We then competed at Georgian College, where we again played in the playoffs, as the first pick on the 7th alliance, but only made it to the quarter finals. However, we won another Excellence in Engineering award, this time for our custom drivetrain, which allowed us to better meet the challenges of this year’s game.
Our final event of the regular season was at Nipissing University, in North Bay. This time we captained the 4th alliance, and advanced though to the semifinals. We also won our 3rd Excellence in Engineering award for the shooter and the vision system to orient it.
After our regular season, we finished 30th in the province in points, and we were invited to the Ontario Provincial Championships, held at the Hershey Center, in Mississauga. We seeded 16th, and we were the first pick on the 5th alliance, and we advanced to the semifinals. We finished 12th overall in points in the province, which qualified us for the World Championships in St. Louis, Missouri.
At the FIRST World Championships, we performed very well. After 2 days of qualification rounds, we seeded 9th overall in the Curie division. We were selected to join the 6th alliance, and made it all the way to the division finals. We also won our 4th Excellence in Engineering award, this time for the robot in its entirety, and the sensors that helped it to efficiently play the game.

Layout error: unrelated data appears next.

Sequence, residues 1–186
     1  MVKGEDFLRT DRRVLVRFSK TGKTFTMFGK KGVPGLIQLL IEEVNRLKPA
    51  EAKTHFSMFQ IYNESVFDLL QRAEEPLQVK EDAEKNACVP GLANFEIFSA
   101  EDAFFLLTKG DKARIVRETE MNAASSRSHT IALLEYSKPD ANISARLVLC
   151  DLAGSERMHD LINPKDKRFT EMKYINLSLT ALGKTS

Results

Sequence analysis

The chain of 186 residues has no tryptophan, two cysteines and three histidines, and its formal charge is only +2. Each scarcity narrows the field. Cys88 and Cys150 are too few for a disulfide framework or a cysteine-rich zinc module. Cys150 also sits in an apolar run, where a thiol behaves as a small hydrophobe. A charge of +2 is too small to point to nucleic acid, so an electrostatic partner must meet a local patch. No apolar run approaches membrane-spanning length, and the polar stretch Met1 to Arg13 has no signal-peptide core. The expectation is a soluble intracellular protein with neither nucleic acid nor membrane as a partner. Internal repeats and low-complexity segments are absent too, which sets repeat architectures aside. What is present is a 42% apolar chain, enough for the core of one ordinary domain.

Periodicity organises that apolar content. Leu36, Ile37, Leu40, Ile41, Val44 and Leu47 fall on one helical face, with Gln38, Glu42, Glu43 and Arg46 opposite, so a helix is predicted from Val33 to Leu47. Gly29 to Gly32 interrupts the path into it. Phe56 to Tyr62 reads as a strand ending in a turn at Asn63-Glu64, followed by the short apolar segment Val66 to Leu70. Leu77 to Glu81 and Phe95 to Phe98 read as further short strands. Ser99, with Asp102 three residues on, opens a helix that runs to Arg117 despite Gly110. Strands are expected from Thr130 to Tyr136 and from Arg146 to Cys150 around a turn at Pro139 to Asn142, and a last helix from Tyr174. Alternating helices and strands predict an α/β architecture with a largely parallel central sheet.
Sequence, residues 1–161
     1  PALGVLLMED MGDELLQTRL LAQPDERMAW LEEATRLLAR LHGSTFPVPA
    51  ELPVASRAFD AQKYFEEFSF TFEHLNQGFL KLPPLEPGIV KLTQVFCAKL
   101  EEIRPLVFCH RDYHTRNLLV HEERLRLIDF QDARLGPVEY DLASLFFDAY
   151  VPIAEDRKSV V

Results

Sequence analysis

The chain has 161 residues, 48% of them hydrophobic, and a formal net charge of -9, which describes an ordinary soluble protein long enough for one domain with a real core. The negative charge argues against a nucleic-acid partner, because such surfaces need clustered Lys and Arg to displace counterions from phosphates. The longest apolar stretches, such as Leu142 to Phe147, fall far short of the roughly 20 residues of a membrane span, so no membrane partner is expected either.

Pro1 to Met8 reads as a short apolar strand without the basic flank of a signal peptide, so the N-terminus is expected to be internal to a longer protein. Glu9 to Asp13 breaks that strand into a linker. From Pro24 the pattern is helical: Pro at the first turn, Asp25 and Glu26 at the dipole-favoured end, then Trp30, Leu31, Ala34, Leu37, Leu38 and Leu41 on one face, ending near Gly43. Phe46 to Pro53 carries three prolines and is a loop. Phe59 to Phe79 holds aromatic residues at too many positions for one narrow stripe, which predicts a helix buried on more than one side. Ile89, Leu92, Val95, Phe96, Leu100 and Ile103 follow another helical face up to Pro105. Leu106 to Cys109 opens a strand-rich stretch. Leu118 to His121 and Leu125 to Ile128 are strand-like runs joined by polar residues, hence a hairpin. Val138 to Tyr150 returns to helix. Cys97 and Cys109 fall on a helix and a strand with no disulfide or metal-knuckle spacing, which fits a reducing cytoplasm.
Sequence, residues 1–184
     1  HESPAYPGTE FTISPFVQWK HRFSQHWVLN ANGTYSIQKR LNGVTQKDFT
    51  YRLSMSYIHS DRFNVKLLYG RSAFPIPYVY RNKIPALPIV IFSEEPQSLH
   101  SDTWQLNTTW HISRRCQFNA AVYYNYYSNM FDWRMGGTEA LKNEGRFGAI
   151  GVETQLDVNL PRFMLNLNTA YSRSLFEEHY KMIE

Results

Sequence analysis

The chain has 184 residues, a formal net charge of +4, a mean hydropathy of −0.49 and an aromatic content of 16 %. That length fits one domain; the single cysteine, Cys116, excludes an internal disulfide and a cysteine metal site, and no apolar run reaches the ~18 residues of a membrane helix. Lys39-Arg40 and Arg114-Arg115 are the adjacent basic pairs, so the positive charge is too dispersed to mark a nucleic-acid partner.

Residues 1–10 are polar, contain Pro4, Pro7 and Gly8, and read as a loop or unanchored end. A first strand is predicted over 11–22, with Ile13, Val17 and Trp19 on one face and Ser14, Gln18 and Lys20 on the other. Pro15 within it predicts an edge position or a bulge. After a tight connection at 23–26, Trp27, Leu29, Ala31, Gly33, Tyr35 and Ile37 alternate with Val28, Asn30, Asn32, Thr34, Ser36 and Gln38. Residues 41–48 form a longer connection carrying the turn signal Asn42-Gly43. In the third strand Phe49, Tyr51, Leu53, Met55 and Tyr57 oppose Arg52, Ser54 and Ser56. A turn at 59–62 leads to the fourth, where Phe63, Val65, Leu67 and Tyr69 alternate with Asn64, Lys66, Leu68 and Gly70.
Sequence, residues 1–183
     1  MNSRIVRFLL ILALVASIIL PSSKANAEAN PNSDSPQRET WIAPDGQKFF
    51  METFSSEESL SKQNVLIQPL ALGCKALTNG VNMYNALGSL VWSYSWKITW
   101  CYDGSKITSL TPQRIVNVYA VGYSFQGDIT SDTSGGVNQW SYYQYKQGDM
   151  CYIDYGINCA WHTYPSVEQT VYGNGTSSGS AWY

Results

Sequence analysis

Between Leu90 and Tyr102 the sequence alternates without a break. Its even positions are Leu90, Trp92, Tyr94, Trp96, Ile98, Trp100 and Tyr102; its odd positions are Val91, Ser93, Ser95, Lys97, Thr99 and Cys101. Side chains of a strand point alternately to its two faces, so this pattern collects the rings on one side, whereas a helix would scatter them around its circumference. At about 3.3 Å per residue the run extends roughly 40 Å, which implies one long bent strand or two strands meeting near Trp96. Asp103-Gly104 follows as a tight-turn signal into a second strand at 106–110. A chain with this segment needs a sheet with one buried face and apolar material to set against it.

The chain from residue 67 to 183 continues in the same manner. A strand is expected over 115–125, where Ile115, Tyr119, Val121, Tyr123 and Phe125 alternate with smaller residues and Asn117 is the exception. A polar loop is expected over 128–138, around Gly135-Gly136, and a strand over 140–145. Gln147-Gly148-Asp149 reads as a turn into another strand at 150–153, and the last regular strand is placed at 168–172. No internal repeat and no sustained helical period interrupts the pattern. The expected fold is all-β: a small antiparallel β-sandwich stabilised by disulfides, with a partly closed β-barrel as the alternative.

In 2016 we captained an alliance at the Greater Toronto Central Regional. As the captain, we were able to work together with the other teams to develop new strategies, and lead our alliance to the semi finals. We also won the Team Spirit Award, given to the team with the largest presence in the stands, cheering not just for themselves, but for their alliance as well.
Later into the season, we competed at the Windsor Essex Great Lakes Regional where we were able to advance again to semi finals. At this competition our team was awarded the Innovation in Control Award, which highlights excellence in robot programming specific to the game. This was won for our innovative vision system that took trajectory into account when determining where to shoot projectiles.
2015 RECYCLE RUSH
In 2015, we competed at the Greater Toronto Central Regional, where we were able to reach the playoffs. Though unable to advance to finals, we received the Innovation in Control Award. This award celebrates an innovative control system or application of control components which provide a robot with unique functions. It was awarded to us for our use of a linear potentiometer, as well as a unique combination of two software algorithms which gave us a huge degree of control over the system, both in automation and human control.
We then went to the North Bay Regional, where we again made it to the playoffs, advancing to the second round before unfortunately being eliminated. We were also lucky to win another award; the highly prestigious Judges’ Award. This award was won for a combination of reasons including: design, team spirit, and professionalism.
2014 AERIAL ASSIST
In 2014, we competed in the Greater Toronto West Regional (GTR West) competition, winning the Highest Rookie Seed Award, the Innovation in Control Award, as well as the Rookie Inspiration Award. After our success at the GTR West competition, we decided to compete in the North Bay Regional competition in an attempt to make it to the world championships. Here we won another three awards including the Rookie All-Star Award, which enabled us to go to the FRC World Championships in St. Louis. We played with great enthusiasm at World's and won the Rookie Inspiration Award on a global stage. In an attempt to continue our first year's success, we competed in the FIRST Fall-Fiesta off-season competition, where we captained the winning alliance and won the Fall-Fiesta Best Rookie Team Award.